The century before you never could turn 21Genetics is a highly unpredictable thing. Sometimes it seems to seek to endow offspring with all the best or worst traits available. Hence the characteristic lament of parents who discover that instead of their dream girl, they have a rough-and-tumble boy, or that their long-awaited manly heir is actually a doe-eyed female. Or the kid simply is the opposite of what they want in talent or personality. Needless to say, this usually does not result in happy-go-lucky familial relations. If the parents are really unhappy about this situation, they might raise the child to conform to their imagined ideal spawn. If the kid has powers, they'll be forbidden to use them. If they have the wrong gender, they'll have to imitate their desired gender (even giving them an appropriate name). This always has, at best, mixed success. Often said child catches on to their wish fulfillment and rebels. That's assuming, of course, they can make it out of that house alive at all... Inheriting the family fortune is usually likewise out of the question, though chance and irony may well have them get it. Compare All of the Other Reindeer, Have You Tried Not Being a Monster?, The Unfavorite, Where Did We Go Wrong?
Years and years he waited, just watching for a son
For someone to go ahead, "Take the name" he said
Years and years he waited, but a daughter came instead.
Years and years he waited, just watching for a son
For someone to go ahead, "Take the name" he said
Years and years he waited, but a daughter came instead.
— The Fray, "Enough for Now"
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Anime & Manga
- Urusei Yatsura:
- You have Ataru Moroboshi whose mother is constantly going "I wish I never had him." There's also a scene where both parents are away reminiscing about their life, and when they start talking about Ataru, both say that they had wanted a girl at the time.
- Ryuunosuke is the version where her father wish she was a boy... so he deludes himself into thinking she is one. Ryuunosuke does not appreciate this, being fully aware that she's really a girl and wanting nothing more than to be cute and frilly instead of rough and masculine (so much so that even girls who know she's really a girl try to get her to date them... although that might be because all of the real boys in schools are freaks, losers or lechers).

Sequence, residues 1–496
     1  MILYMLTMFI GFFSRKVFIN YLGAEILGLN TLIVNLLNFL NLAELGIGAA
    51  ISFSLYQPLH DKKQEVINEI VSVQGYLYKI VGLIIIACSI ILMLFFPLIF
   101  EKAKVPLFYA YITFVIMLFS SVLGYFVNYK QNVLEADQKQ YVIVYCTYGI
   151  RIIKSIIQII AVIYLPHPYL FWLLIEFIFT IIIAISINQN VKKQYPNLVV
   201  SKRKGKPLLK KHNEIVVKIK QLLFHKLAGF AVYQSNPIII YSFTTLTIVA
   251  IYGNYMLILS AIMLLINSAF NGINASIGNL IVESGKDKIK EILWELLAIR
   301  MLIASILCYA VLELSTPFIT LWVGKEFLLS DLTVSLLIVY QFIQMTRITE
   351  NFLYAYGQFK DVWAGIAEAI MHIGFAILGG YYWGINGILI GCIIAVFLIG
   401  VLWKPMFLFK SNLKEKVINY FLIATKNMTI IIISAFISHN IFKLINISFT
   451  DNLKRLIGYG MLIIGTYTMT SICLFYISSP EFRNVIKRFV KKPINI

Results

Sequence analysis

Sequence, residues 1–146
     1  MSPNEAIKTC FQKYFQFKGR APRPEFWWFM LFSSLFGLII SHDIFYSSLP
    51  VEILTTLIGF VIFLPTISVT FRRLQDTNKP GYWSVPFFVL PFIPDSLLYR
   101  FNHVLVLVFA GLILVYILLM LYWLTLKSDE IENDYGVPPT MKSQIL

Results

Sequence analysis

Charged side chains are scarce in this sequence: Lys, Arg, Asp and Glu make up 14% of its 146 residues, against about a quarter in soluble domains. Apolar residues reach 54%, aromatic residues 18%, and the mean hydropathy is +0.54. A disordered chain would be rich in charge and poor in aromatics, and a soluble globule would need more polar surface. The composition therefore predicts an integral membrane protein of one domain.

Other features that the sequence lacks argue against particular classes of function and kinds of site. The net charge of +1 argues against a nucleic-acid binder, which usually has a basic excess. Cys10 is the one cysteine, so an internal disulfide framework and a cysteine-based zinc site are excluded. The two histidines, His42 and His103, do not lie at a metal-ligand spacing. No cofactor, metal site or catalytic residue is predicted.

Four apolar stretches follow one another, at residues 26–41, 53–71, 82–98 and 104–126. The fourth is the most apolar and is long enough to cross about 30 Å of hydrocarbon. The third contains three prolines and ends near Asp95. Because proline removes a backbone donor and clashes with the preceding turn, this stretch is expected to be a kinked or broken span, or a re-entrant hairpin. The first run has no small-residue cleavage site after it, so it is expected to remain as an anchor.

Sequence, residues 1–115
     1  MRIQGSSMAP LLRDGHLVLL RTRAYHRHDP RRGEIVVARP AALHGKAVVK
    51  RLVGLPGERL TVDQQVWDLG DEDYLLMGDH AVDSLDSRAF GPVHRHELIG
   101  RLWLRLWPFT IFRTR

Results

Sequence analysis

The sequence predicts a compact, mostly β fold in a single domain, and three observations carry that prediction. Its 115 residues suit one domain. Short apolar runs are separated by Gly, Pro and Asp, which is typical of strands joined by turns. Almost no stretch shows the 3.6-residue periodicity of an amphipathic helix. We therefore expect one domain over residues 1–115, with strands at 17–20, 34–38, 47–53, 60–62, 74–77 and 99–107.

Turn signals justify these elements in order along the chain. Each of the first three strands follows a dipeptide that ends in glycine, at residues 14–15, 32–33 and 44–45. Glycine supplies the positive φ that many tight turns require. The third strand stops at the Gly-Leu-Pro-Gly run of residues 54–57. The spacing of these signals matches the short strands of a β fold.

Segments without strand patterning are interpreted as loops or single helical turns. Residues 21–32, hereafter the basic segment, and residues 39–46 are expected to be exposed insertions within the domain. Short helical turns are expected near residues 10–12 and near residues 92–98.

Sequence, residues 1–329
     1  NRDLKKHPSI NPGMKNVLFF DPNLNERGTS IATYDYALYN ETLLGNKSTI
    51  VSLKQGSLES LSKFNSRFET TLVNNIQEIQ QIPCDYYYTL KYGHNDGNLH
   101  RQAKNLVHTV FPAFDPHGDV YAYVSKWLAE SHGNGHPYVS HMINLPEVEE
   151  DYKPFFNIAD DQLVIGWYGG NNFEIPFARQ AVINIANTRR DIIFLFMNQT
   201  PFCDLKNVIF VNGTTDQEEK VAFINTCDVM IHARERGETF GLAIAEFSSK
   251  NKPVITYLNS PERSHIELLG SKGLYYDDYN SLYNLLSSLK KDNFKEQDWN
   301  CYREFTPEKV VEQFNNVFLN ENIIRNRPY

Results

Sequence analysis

- An unfunny example would be in .hack//SIGN, where Tsukasa's father was abusive about wanting a different gendered child. We only explicitly find this out in the end, though it's implied earlier, with, for instance, scenes of him throwing away a bra she had stolen for herself.
- Rose of Versailles has as its central character Lady Oscar, a French noblewoman raised as a boy by her father (who couldn't manage to produce a male heir). Unlike most characters forced to crossdress, Lady Oscar seems to have no problems dressing and acting like a boy — at least most of the time. (This could be due to the people around her being oddly accepting of her in her role as a woman pretending to be a man — to the point where they even allow her to be a military leader. To be fair, she does have to crack some heads to get some of her subordinates to fully accept her.) At one point it's even inverted: seeing the French Revolution approaching, Oscar's father tries and get her into an Arranged Marriage so that she would have to Stay in the Kitchen and away from the fighting, but Oscar ruins the party in which she was supposed to choose her husband and makes clear she wants to act as a man and a military leader because she considers the life of a noblewoman as empty and meaningless.
- There's a hentai doujin (part of the Secret Plot: Deep series) where a boy who looked like his twin sister was mistaken for her by his parents after her death and started pretending to be his sister while at home, but himself while at school. It all works out in the end, as it turns out the tomboyish gym teacher and his childhood friend both have learn they have fetishes for guys in skirts. One of the few examples (or only) where it works in the end. Of course, one has to wonder how healthy it is for his parents to live a lie, or how long he can keep it up. But then again, Bellisario's Maxim...
- There's also a Korean series (I.N.V.U.) with the same story for one of the characters, except it was the daughter pretending to be the brother, and only the mother had mistaken her for the son (the son and mother were in an accident, and the son died while the mother forgot the daughter's existence)